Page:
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Bright future for brave Jaden

For many teenagers, sitting GCSEs this summer will be among the biggest challenges they’ve faced.

But for one brave 15-year-old, a bunch of exams is just the latest test of determination in what has been a remarkable journey of recovery and Birmingham Community Healthcare staff are walking with him every step of the way.

Jaden Payne has sickle cell disease and, in March 2017, he was rushed from school to hospital after suddenly feeling severe pain in his back during a lesson.

Barely able to walk, he was experiencing his first eversickle cell crisis – when a cluster of crescent-shaped red blood cells created a barrier blocking blood flow.

Jaden spent three weeks in Birmingham Children’s Hospital before doctors discharged him with a dietary plan to address the calcium deficiency identified as the main cause of the crisis.

But eight weeks later, he was back in hospital faced with a crisis of a different kind after a serious head injury in a road traffic accident. 

Jaden Powell and family
Jaden with (l-r) mum Suzanne, dad Shawon and sickle cell nurse Suzy Raybould.

Jaden had to be cut free from the wreckage of the car he had been travelling in before surgeons – again at Birmingham Children’s Hospital - performed a four-and-a-half-hour operation to remove a life-threatening blood clot.

He remained in a coma for 13 days before being discharged on his birthday in July 2017 – six weeks after the accident.   A year on, he continues to work with BCHC community physiotherapists at Allens Croft Children’sCentre a short walk from his home.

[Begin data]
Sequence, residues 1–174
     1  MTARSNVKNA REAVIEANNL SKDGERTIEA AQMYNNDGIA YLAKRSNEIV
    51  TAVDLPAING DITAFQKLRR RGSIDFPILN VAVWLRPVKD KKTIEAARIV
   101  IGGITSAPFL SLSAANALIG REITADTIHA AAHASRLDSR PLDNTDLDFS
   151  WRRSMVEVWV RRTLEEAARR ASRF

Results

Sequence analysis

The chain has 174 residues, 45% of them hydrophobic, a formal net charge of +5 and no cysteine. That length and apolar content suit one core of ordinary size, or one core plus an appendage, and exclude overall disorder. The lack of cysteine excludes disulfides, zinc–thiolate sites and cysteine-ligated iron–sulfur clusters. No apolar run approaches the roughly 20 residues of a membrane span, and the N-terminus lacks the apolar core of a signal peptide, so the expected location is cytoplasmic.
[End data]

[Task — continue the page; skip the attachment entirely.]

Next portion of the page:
The sports-mad youngster - who had shown a talent and passion for cricket, football and athletics - had been training at Birmingham’s Alexander Stadium for a place with Birchfield Harriers – but was forced to reassess his ambitions.

“I enjoyed team sports but my dream was to be an athlete – I was good at 100 metres," said Jaden.

"I was really upset I wasn’t able to take part in my school sports day last year so it meant a lot when I was able to ‘run’ the 100 metres with my dad pushing me in my wheelchair and my school friends with me.

“That meant a lot but I’ve been advised not to do any contact sports and all the work I’ve been doing  with physios to get my physical strength back has given me the idea to do sports physiotherapy as a career.”

Jaden’s mum Suzanne said her son’s innate ‘can-do’ spirit has been key to his continuing recovery.

“Jaden’s a fighter and that optimism and determination have really helped his recovery.

“Since the accident, he’s been on a football tour to Barcelona and joining in on school sports day with his mates meant a lot.

“He’s done amazingly but there’s still a long way to go to build his physical strength back up.   We’re so grateful to all the staff at the hospital and now the community physio team at Allens Croft – the support has been brilliant.

“And I make sure he eats a yoghurt every day before he goes to school to make sure he gets his daily dose of calcium.”

Sickle cell nurse Suzi Raybould explained that Jaden, like every child, had a routine ‘heel prick’ or ‘blood spot’ test a week or so after he was born – and at that early stage, Sickle Cell Disease was diagnosed.

“Sickle cell is most common among black and ethnic minority people but it’s not exclusive to those communities so every new-born child is screened at 7 to 10 days old,” she explained.

“Jaden’s a great character and typical of a young person who leads a full and active life while managing his condition.  So a crisis can be quite a shock to a family when it happens.

“I’ve been supporting him and his family since he was 2 months old.  Now he’s taller than me, it’s hard to believe that at one time I used to hold him in my arms when I came to visit!

“I’ve been with his family throughout the whole journey and I’m pleased to be there to offer that clinical, practical and emotional support through the challenges of the last few months.   It’s all part of the job!”